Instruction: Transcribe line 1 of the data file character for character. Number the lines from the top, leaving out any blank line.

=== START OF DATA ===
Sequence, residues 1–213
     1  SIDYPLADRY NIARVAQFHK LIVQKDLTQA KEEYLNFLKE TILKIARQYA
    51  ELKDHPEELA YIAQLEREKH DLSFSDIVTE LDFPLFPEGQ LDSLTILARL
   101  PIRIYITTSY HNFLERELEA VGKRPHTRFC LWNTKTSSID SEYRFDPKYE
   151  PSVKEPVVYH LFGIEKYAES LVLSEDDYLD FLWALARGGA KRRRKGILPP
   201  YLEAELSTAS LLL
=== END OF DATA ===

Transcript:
Sequence, residues 1–213